Thanks for your support and I will keep you posted!

Yesterday, I talked about my fear of being looked at in a negative manner due to my taking some time off during my son’s first year.  I worry that when I begin my job search, recruiters or hiring managers will be concerned that I may not be as up to date as I should be. It’s something that I will probably worry about until I actually begin interviewing and can actually see people’s reactions, but until then I thought I would share what I’m doing to ensure that I am as up to date as possible on current events in my profession.  If you are out of work, these may be helpful to you as well.

1.  Read, read, read.  These days there are websites, blogs, books and even YouTube videos about every profession out there.  Bookmark a few and read them often.

2.  Conferences, webinars and memberships.  If you have the financial resources and time you should maintain your professional memberships and attend conferences or webinars.  If you have a professional certification that you need to maintain through continuing education, this will help you to stay current.

3.  Former co-workers.  Keeping up with former co-workers who are still working is a great way to ensure you are up to date on all the current events.  Pick their brains about what the hot topics are right now and then do your research to make sure you know all you need to.

4.  Social media.  This one goes without saying.  Social media seems to be the answer to everything these days.  Twitter, Linkedin and maybe even Facebook will provide great information and resources to dig further if necessary.

As you can see from this list, remaining relevant is actually the easy part.  Convincing hiring managers that you have done so may be a little more difficult.  It is discouraging that recruiters and hiring managers prefer the passive candidate and view those who have been unemployed for a while as someone who is not a “preferred” candidate.  The thought process seems to be that those unemployed for a lengthy period of time have done so through some fault of their own.  I’m ashamed to admit I have worked under this assumption in the past.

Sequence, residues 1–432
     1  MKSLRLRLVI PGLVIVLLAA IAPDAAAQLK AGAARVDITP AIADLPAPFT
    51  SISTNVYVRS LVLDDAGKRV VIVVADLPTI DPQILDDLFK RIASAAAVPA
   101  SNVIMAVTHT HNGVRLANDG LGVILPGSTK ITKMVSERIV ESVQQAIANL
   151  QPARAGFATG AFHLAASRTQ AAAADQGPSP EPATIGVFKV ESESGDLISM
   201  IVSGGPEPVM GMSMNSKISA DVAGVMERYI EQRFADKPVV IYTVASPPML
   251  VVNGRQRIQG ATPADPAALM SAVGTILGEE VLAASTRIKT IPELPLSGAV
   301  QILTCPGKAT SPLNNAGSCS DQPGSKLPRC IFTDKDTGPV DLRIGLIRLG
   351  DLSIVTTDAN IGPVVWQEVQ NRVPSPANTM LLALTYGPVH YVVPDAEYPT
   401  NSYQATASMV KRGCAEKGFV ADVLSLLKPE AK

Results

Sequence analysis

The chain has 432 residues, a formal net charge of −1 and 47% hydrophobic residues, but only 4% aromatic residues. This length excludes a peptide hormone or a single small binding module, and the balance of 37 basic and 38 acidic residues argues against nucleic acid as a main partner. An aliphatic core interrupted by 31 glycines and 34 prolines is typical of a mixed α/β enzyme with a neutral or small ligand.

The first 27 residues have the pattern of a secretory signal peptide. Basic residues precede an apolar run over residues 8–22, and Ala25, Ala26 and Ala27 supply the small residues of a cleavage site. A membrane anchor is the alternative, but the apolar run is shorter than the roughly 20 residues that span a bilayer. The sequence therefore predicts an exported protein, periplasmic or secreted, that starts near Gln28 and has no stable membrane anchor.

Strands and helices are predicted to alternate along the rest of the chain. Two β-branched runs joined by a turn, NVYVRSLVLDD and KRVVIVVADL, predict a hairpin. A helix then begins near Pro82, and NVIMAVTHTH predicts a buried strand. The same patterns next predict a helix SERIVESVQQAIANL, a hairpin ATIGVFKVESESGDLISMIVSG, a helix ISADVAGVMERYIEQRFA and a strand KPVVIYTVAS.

I doubt I can do anything to change a seemingly universal mindset.  All I can do is ensure that I am as current as if I had been working the entire time and hope that someone will give me the opportunity to prove it.

Remaining Relevant

October 19, 2010

I had a couple of talks last week with different people about remaining relevant when you are out of work.  I have been on this side of the unemployment line for five months now and I worry that when I get serious about looking for work, that time away will be seen as a negative.  While I can not help the reason I’m unemployed, I was laid off, I am somewhat controlling the extra time off.  With the ever-changing world of HR, will a potential employer consider me out of touch?

It’s one of the reasons I started this blog, to show that I still know what I’m talking about even if my days are now filled with baby talk and diapers.  Now that I think about it that’s not that different from my last job, but I digress.  I am keeping up with all the latest changes, trends and news affecting HR.  I may not be practicing my skills daily, but I feel pretty confident that my knowledge is current.  Still, I worry.

I’m usually on the other side of unemployment.  The side that offers jobs, not searches for them.  I know that if I had two candidates, all things the same, but one was currently in a job and one had been out of work for a while, I would chose the one working.  I know in dealing with hiring managers that “taking time off to raise the kids” is sometimes viewed negatively.  As if a woman loses a little credibility.  Absurd, but true.  So because of all this, I worry.

So what do you think?  I would love to get some recruiter perspectives here.  Do you view candidates who have been out of work for legitimate reasons negatively?  Is there a certain time frame associated with that?  Meaning, is three months ok, but once it gets to six or seven you start to question if they are out of touch?  Are you likely to lean towards candidates who are currently working?  Does the economic times we are in impact this at all?

Anyone want to help ease my mind?!?